“THE minister’s decision was based on the work done by the State Veterinary Service, private veterinarians, and animal health technicians over the past 21 days.”
Sept. 16, 2022
3 min read
Cattle industry welcomes lifting of ban on livestock movement
Beef cows on a South African farm
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The Red Meat Producers’ Organisation (RPO) expressed gratitude at the decision and thanked Didiza for taking role players’ pleas about the economic impact of the ban on the beef industry into consideration in her decision-making process, according to Gerhard Schutte, CEO of the RPO.
However, Herman de Wet, regional chairperson for TLU SA in KwaZulu-Natal, said while the lifting of the ban was welcome news, it was concerning that it had not been implemented more stringently.
“If such a movement restriction is ever implemented again, it needs to be done more consistently,” he told Farmer’s Weekly.
“Cattle were still being transported in KwaZulu-Natal during the ban, and several [South African Police Service] officers weren’t even aware of the ban until I brought it to their attention.”
Ngcobo said Didiza had already acknowledged that “things had to be done differently going forward”.
To limit the spread of the disease as far as possible, she repealed the control measures relating to FMD as prescribed in the Government Notice No. 2075 of 10 May and Government Notice No. 2391 of 18 August, and allowed movement under certain conditions in all areas of the country, except in the new disease management areas in Limpopo, KwaZulu-Natal, and the Free State, he said.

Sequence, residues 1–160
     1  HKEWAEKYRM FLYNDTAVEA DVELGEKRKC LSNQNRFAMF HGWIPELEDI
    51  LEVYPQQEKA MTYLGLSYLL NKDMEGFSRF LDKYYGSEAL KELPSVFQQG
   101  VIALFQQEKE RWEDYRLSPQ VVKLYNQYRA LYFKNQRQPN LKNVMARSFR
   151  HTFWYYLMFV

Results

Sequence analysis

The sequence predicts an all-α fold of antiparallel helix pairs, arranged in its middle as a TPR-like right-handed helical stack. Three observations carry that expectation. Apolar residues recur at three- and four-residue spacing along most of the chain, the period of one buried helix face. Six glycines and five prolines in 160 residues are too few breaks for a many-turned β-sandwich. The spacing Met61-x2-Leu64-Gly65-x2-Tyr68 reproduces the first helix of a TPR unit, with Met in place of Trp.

Ngcobo added that it was encouraging that the Eastern Cape, Western Cape, and Northern Cape did not report a single case before or during the 21 days of the ban.
“In Limpopo, we will retain the disease management area in the protected zone and [surrounding areas].
“In the Free State, the disease management area will cover those areas where no improvement has been observed, such as Marquad, Viljoenskroon, and Harrismith,” he said.
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In KwaZulu-Natal, the disease management measures would be retained in the KwaNongoma, Ulundi, KwaHlabisa, eHluhluwe, and eMtubatuba areas.
Ncgobo added that, going forward, all livestock movement had to be accompanied by a declaration from the owner that the animals were FMD-free; a declaration from the recipient undertaking to isolate the animals for at least 28 days before introducing them to the main herd; and all the necessary stock theft documents.
Schutte explained that the RPO was also working on a contingency plan in conjunction with the National Animal Health Forum and the agriculture department.
“On Tuesday [13 September] industry experts and officials from the department will have a workshop to work on a long-term strategy [for the future].” – Farmer’s Weekly